U.S. Productivity Growth Flowing Downstream
Michael Sposi and Kelvinder Virdi
Abstract: Measurements of U.S. productivity growth have declined, particularly in the high-tech sector. This may reflect increased U.S. specialization in upstream activities in the global supply chain. Those activities tend to experience slower productivity growth.

Volume 11, Number 11
August 2016
Health Care Services Depress Recent PCE Inflation Readings
Jim Dolmas
Abstract: Health care services, which historically helped push core measures of inflation higher, have restrained recent readings. Among them is the personal consumption expenditures price index, favored by Federal Reserve policymakers deliberating interest rate changes.

Volume 11, Number 10
July 2016
Shadow Banking Reemerges, Posing Challenges to Banks and Regulators
Alex Musatov and Michael Perez
Abstract: Shadow banking has come roaring back and in new forms that still manage to escape bank regulation and could pose systemic risks since these activities remain deeply intertwined with traditional banking.

Volume 11, Number 9
July 2016
Risk, Uncertainty Separately Cloud Global Growth Forecasting
Alexander Chudik, Enrique Martínez-García and Valerie Grossman
Abstract: Forecasts of global growth have historically been imprecise, punctuated by periods of optimism and pessimism. Inaccuracy in forecasting partly reflects quantifiable risks to the global outlook as well as economic uncertainty.

Volume 11, Number 8
July 2016
Is Rising Unemployment an Early Warning of State-Level Recession?
Alan Armen and Tyler Atkinson
Abstract: Based on experience with national unemployment, analysts have viewed sharply higher state joblessness as signaling possible further deterioration. However, analyses indicate increasing state-level unemployment by itself does not indicate a recession, and that applying rule-of-thumb properties regarding recession to state economies is misguided.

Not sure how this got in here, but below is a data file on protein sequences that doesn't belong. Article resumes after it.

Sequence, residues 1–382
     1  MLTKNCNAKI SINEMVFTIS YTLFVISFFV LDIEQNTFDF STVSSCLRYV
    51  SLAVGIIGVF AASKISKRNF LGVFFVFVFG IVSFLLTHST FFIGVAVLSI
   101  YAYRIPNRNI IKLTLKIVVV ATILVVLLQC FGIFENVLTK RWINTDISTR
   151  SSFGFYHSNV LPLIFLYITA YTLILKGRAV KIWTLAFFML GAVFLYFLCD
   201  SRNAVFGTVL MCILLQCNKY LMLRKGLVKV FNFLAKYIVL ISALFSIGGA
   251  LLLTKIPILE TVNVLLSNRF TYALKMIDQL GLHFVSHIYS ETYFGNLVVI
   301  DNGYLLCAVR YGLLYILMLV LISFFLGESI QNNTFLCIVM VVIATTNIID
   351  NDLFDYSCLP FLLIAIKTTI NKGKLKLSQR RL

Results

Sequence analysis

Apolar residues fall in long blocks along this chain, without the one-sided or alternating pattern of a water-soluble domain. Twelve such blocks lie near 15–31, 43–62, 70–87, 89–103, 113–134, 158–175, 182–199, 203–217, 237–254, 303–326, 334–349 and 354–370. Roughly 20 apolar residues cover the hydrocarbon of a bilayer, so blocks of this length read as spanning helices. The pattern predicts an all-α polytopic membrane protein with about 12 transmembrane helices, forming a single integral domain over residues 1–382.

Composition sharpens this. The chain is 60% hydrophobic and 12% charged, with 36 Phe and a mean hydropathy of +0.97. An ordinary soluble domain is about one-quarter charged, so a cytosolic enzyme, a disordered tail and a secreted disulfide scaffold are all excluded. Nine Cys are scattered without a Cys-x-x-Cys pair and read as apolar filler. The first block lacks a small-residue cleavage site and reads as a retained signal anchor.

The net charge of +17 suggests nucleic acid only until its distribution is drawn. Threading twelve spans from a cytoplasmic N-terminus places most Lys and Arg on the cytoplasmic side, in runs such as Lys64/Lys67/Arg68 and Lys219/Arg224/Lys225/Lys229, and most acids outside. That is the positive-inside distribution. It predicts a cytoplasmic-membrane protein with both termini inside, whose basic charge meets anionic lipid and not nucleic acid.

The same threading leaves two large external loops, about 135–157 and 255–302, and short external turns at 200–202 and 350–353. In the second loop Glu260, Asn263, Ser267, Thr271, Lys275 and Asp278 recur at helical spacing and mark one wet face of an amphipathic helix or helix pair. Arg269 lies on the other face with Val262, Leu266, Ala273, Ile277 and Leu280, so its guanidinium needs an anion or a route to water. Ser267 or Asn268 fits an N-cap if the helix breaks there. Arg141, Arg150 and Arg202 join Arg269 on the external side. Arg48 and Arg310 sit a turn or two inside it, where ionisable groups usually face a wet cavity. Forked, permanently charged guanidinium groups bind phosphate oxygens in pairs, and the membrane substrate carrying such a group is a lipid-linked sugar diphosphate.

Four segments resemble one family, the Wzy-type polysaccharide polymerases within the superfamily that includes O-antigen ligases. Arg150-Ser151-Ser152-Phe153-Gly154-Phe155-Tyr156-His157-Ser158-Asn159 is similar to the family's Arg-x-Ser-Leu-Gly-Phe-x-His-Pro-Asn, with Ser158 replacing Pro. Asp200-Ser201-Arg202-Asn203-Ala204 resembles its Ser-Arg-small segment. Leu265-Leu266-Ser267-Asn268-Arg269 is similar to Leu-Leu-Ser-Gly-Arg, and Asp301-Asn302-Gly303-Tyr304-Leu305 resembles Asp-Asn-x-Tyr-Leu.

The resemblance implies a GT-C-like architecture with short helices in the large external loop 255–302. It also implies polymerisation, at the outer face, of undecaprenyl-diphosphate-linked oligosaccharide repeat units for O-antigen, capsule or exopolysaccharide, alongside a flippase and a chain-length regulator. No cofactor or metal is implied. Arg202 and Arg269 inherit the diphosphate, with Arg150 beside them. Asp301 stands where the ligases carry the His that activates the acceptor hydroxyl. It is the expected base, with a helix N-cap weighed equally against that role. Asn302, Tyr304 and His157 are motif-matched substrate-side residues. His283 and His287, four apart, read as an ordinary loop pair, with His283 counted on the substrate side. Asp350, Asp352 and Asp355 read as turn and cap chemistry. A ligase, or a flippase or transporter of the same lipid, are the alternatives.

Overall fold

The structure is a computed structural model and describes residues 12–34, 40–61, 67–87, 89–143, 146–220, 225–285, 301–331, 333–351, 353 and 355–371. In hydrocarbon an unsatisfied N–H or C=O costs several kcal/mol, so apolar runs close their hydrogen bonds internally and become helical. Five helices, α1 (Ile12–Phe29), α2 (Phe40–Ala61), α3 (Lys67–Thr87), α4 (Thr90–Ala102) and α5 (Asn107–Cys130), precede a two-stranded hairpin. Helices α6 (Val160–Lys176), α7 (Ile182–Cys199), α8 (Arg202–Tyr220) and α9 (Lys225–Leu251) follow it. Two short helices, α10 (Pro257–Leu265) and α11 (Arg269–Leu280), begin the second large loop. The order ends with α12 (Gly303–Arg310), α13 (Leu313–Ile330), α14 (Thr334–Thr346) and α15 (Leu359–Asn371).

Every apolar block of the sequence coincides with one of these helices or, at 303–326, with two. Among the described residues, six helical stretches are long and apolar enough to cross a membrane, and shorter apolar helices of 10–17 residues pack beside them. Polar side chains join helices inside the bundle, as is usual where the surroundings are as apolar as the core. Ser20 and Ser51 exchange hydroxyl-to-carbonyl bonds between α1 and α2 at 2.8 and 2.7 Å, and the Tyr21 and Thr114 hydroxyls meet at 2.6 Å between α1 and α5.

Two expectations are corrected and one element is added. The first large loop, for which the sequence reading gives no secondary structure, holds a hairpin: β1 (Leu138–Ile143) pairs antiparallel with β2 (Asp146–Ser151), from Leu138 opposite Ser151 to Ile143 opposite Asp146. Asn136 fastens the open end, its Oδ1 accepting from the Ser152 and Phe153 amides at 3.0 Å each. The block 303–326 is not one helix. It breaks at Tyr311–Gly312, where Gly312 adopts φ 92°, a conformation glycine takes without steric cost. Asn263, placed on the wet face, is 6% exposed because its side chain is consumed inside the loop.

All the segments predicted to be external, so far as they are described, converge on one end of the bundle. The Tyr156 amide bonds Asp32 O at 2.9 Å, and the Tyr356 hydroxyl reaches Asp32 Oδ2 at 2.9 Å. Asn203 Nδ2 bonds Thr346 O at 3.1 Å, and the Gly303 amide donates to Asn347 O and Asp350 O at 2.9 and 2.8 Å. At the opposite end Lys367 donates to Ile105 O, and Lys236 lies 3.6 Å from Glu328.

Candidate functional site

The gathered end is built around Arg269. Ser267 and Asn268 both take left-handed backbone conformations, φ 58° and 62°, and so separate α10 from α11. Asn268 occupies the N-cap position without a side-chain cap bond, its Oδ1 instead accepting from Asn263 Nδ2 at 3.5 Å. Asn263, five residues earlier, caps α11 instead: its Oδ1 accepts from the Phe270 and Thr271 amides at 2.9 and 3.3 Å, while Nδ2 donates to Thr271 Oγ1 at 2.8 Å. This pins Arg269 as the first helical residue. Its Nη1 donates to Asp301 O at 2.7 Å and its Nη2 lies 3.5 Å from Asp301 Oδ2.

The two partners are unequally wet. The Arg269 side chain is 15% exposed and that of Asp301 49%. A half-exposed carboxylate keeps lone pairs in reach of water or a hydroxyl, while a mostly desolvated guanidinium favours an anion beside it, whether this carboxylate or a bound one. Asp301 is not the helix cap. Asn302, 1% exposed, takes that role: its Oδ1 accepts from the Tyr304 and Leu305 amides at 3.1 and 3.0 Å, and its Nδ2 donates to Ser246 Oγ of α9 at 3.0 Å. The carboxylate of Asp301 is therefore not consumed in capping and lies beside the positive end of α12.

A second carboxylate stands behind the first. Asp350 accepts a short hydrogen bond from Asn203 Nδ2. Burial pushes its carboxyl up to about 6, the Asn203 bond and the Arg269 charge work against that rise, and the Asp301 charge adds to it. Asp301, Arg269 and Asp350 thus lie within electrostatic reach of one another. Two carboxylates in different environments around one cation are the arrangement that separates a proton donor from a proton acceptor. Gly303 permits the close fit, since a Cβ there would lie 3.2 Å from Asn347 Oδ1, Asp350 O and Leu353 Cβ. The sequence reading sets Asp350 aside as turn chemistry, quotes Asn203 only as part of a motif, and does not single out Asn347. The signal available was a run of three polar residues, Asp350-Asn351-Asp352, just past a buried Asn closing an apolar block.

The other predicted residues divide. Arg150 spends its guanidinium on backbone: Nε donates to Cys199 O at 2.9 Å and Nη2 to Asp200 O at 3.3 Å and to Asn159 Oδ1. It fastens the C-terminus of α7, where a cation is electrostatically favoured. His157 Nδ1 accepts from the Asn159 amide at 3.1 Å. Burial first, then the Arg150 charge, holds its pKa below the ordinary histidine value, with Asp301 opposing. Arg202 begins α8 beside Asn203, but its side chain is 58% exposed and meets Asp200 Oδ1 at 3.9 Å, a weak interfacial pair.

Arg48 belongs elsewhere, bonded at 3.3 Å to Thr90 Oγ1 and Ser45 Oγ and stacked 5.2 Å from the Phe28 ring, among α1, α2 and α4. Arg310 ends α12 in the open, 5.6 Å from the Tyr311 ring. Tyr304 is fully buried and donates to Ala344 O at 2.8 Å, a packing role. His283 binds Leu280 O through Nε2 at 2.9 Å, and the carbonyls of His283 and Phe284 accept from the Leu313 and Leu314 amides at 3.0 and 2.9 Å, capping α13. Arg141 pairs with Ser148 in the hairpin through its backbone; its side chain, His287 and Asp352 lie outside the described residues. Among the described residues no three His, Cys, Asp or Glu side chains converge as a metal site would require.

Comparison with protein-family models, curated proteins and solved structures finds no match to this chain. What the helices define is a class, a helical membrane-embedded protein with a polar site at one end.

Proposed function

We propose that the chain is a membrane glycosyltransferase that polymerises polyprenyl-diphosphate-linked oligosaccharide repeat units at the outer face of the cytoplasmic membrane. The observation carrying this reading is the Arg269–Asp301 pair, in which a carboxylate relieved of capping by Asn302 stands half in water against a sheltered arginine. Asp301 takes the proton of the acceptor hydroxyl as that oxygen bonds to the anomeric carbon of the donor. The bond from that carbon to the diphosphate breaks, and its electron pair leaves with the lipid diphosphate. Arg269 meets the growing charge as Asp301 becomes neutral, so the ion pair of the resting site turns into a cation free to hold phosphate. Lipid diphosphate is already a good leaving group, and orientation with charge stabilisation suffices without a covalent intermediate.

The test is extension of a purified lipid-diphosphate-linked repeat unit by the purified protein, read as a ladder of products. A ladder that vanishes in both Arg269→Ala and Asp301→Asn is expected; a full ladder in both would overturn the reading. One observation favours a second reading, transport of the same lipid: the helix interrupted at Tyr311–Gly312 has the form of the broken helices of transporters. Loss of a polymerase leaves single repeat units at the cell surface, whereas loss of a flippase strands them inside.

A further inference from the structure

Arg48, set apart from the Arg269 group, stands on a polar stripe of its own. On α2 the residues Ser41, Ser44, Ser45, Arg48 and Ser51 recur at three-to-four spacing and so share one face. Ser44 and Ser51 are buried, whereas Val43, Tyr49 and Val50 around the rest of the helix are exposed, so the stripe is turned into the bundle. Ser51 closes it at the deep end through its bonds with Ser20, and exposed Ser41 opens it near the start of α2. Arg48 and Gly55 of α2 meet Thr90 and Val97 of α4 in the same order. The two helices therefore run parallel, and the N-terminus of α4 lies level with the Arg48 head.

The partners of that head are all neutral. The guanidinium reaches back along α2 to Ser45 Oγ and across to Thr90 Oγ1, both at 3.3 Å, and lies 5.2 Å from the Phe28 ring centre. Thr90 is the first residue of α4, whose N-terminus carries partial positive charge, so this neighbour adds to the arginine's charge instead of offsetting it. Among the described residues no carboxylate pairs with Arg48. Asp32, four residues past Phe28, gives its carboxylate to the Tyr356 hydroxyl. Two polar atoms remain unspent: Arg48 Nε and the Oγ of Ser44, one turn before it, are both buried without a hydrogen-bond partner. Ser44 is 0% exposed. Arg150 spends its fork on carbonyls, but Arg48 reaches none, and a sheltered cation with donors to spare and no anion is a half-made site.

Volume 11, Number 7
July 2016
Global Demographic Trends Shape Policy Environment
Mark A. Wynne
Abstract: Demographics are key determinants of what is economically feasible at both the global and national levels. Demographics also have important implications for monetary policy. Slower population and labor force growth in the coming decades will have a depressing effect on real interest rates.

Volume 11, Number 6
May 2016
Central Bank Communication Must Overcome the Public’s Limited Attention Span
Antonella Tutino
Abstract: It is critical that central bankers have the ability to communicate their monetary policy goals and intentions involving employment and price stability to the public. The task is complicated in an economy that includes many firms and households in an era of information overload.

Volume 11, Number 5
May 2016
Impact of Chinese Slowdown on U.S. No Longer Negligible
Alexander Chudik, Arthur Hinojosa
bstract: The impact of the Chinese economy on the U.S. has notably increased over the past two decades. Econometric modeling shows that the U.S. economy is more likely to directly and indirectly (through its trading partners) feel the impact of a negative shock to Chinese output.

Volume 11, Number 4
May 2016
Stock Market Provides Imperfect View of Real U.S. Economy
Julieta Yung
Abstract: Monitoring global economic and financial developments is important for assessing labor markets and inflation as well as risks to the economic outlook. The stock market—through measures such as the Standard & Poor’s 500—is often thought to be an economic bellwether. However, market volatility compromises the reliability of such indexes.

Volume 11, Number 3
April 2016
Increased Credit Availability, Rising Asset Prices Help Boost Consumer Spending
John V. Duca, Anthony Murphy, Elizabeth Organ
Abstract: A combination of much less household debt, revived access to consumer credit and recovering asset prices have bolstered U.S. consumer spending. This trend will likely continue despite an estimated 50 percent reduction since the mid-2000s of the housing wealth effect—an important amplifier during the boom years.